Sunday, 29 June 2008

GAFCON future: not quite Jerusalem?

Looking at the GAFCON statement from Jerusalem, it all looks fair enough to me. Very few faithful Anglicans will disagree with anything positive the statement affirms. It's pretty much what we all thought we were doing anyway. What disturbs is its claim to have the exclusive franchise on “orthodoxy” and what this implicitly denies about those it tars with the “heterodox” brush. Powerful Conservative instincts don’t equal truth. Mugabe-speak about “Colonialism” feels a bit rich, as it started from Lambeth’s refusal to weigh in and discipline former New England “colonists”.

From the Conservative side, I was very much struck by the clarity and sincerity of Sarah Hey. She compares being a Conservative US Anglican to being a daughter of dysfunctional parents, torn between loyalty to the family and collusion. I’m not sure I’d follow her all the way home, but I bet she’s expressing exactly how things feel for people who lost the ECUSA domestic debates on sexuality in the nineties.

I believe heaven is about far more than the current social mores of either Nigeria or San Francisco, but can be fully incarnate in both. My eyes fell on a letter of Hensley Henson from 12 July 1920:
No ideal of unity can satisfy us which fails in range or in quality, i.e. which leaves outside the visible church any genuine disciple of the Lord Jesus Christ, or which sets before the world a partial or distorted conception of Christian fellowship. Whether the attainment of that ideal would imply the organization of the visible church as a single polity is a point which neither the New Testament nor the experience of the Christian Society enables us to determine.

The true parallel to the spiritual society of Christ’s Church is not a single government, however effective and extended, but the human race. The Church is ultimately equivalent to redeemed humanity, and the nature of its unity will have its analogue in the unity of mankind.

History is continually revising the definition of the Catholic Church. We are called to recognize the teaching of history (i.e. the Mind of the Spirit disclosed in Christian experience), and to extend our definition of the Catholic Church until it covers the facts.


Anonymous said...

I noticed that Gafcon seemed to totally omit anything related to Hooker, specifically the "reason" leg of the three-legged stool. Tradition got short shrift, leaving pretty much just the "gospel". Nevermind that to my knowledge Jesus never even says anything relating to homosexuals. Isn't Galatians an epistle? I've always thought Hooker's Bible, Tradition and Reason were a bedrock part of being an Anglican. Aren't these the same guys that the Church had to work a special exemption for polygamy at a previous Lambeth Conference? Please. Show me the love. Vashti Winterburg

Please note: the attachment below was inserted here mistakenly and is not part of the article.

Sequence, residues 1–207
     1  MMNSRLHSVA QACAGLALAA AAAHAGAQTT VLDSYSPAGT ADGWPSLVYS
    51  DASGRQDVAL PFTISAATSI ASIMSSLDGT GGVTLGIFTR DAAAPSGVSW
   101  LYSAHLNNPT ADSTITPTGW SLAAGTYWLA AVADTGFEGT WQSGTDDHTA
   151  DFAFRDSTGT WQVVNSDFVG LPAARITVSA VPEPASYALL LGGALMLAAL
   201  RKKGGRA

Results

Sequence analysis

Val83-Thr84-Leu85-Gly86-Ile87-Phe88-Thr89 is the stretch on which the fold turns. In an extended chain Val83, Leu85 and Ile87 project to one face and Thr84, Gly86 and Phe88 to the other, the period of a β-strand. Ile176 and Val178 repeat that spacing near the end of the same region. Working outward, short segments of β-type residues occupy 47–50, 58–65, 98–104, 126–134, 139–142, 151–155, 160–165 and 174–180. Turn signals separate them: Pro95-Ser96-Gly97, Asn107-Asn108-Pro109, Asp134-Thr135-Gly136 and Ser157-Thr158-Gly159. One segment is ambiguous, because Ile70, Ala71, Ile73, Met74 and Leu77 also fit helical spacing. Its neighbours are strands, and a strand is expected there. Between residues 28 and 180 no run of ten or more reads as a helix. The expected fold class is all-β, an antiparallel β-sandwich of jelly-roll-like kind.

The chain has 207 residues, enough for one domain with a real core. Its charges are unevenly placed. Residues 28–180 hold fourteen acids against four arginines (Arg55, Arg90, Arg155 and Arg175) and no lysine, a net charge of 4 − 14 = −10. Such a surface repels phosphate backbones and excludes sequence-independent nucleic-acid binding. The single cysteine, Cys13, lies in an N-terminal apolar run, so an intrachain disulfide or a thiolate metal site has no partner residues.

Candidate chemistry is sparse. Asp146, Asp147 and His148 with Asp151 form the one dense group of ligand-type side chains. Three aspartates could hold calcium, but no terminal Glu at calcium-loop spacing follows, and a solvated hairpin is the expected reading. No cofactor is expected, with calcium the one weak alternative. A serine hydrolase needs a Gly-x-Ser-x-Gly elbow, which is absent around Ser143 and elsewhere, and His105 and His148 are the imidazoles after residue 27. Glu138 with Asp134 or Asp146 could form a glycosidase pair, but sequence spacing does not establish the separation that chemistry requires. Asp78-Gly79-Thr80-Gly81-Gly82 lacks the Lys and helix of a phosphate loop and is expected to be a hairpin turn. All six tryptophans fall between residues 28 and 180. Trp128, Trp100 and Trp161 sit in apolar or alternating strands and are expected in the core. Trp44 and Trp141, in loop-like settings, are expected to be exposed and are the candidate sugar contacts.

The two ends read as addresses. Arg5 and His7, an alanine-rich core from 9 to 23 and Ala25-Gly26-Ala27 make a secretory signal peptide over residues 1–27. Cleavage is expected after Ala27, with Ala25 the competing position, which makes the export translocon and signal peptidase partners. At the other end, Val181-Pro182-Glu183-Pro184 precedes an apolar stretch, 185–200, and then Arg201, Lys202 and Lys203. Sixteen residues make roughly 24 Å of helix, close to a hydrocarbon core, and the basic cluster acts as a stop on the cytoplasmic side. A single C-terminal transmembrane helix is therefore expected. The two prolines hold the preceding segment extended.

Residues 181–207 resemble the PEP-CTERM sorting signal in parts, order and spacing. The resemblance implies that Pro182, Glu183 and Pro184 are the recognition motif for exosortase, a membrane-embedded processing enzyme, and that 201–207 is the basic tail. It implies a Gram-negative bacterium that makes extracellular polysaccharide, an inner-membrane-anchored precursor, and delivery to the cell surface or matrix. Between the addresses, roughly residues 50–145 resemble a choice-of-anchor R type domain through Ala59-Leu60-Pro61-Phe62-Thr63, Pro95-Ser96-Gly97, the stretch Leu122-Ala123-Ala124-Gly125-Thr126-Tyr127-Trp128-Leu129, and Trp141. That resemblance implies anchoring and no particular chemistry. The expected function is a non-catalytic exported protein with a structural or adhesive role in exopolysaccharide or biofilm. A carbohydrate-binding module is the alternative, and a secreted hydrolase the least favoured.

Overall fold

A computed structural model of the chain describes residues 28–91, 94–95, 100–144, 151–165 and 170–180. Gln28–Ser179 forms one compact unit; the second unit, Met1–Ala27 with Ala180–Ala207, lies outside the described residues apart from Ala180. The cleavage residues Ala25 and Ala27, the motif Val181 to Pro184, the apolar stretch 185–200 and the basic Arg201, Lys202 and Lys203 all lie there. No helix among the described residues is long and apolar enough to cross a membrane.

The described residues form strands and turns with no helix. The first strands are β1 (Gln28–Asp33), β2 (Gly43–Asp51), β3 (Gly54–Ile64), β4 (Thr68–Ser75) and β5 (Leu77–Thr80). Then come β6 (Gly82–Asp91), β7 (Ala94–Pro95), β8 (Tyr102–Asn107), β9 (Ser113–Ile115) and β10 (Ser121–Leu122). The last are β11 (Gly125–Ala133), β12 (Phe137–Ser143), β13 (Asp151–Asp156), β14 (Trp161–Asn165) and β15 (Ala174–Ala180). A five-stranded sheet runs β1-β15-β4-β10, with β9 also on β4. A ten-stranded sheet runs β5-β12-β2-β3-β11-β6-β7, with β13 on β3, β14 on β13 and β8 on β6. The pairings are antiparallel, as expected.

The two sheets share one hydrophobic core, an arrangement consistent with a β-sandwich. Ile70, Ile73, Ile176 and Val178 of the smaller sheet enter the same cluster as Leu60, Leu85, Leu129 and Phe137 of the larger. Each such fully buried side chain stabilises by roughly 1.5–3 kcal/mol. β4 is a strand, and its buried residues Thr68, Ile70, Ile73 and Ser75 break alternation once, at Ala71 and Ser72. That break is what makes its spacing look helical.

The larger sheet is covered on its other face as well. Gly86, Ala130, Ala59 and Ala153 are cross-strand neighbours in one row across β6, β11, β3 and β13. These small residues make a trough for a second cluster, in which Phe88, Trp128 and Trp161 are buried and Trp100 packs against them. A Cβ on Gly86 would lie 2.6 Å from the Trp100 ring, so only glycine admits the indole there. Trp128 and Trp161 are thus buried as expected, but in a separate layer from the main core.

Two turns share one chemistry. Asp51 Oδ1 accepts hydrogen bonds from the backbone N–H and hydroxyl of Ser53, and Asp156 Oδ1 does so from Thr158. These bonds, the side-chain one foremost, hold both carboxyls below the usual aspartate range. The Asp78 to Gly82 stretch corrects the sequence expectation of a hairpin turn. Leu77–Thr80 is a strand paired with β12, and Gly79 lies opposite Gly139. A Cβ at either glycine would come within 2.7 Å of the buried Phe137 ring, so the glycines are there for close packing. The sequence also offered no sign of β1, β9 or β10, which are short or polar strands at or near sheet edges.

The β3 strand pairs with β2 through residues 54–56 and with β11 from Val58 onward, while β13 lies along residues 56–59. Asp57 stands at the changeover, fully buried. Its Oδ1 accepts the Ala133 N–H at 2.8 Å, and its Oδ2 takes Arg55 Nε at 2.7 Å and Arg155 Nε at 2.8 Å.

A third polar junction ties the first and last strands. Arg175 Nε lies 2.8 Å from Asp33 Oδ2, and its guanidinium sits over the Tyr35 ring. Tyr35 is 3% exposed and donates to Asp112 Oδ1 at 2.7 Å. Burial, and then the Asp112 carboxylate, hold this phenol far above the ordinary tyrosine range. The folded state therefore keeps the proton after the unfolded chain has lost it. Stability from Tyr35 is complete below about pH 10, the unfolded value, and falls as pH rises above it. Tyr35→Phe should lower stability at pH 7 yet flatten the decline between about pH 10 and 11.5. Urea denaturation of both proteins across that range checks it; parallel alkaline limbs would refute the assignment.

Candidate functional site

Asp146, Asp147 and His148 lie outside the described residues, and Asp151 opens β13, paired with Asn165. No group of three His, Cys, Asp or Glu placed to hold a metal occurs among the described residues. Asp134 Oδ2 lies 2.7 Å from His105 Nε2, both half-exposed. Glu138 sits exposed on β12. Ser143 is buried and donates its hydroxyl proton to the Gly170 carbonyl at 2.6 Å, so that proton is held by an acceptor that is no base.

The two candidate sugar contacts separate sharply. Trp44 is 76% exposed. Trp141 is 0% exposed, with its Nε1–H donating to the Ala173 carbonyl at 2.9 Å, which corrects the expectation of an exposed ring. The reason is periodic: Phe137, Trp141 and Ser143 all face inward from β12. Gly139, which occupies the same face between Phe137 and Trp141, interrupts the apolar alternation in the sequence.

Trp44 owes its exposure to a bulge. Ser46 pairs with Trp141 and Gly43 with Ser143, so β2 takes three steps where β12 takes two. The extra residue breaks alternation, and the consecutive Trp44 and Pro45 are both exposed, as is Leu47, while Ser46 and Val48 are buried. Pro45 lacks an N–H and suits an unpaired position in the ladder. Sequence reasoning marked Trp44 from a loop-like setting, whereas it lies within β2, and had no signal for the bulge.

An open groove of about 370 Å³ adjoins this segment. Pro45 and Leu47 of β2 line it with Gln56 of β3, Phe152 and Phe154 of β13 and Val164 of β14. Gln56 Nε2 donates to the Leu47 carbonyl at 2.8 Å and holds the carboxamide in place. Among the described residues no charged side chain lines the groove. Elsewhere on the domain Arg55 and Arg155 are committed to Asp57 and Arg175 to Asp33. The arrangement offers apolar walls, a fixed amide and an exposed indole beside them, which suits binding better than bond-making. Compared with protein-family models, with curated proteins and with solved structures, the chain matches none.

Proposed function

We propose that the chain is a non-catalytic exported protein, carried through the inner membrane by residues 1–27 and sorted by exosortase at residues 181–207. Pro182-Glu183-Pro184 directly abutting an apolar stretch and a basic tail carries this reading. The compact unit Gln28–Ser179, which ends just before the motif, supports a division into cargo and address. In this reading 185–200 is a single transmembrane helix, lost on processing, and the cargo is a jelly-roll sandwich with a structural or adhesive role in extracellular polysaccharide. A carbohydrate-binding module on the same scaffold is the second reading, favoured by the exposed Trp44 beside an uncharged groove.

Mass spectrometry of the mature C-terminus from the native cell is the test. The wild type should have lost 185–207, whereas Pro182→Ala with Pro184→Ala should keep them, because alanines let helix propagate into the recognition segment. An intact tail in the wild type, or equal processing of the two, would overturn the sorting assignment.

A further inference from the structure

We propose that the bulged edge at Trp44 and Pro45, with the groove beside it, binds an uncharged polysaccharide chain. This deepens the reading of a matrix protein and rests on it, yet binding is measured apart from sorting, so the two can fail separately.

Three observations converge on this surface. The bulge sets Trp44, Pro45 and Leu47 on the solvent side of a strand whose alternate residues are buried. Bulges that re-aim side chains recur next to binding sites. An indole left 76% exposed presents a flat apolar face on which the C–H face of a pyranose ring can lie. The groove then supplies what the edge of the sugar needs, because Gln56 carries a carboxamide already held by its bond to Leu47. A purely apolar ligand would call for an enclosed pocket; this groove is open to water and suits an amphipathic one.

Jon said...

It's mostly fair, but the bits insisting on the authority of the 1662 BCP, Ordinal, and the 39 Articles has already raised some eyebrows in the US. The problem is that at the moment it isn't clear that any of those three are treated as authoritative here. They're more like interesting historical documents and good reminders of the history of the Communion, but the stories I've heard about the origens of the US BCP all connect it to Scotish BCPs which may not be quite the same.


Bishop Alan Wilson said...

What makes this statement distinctive is what it leaves out, not what it says. Somebody has scrabbled through the C of E declaration of assent naming the documents, but without particularly having read them. I very much doubt, for example, they really believe that no general council should be called without the consent of the civil magistrate. They are laying claim to the 39 articles, but actually use them as illustrative and historical exactly the same as TEC. Pragmatically, to take one example, Sydney is the province where there has been a sustained priocess of official revisionism affecting the universal Anglican understanding of who should preside at the Eucharist. As you imply, the use of the Bible is definitely Wakter Travers rather than Richard Hooker! But this is about ecclesiastical politicians using documents for political purposes. I very much doubt they actually believe that stuff. They're just trying to claim the Anglican high ground...

Jon said...

Yeah, they're definitely trying to claim the Anglican high ground, but trying to do so without paying attention to the details and the actual texts seems like a tactic that could easily swing around and bite them in the butt.


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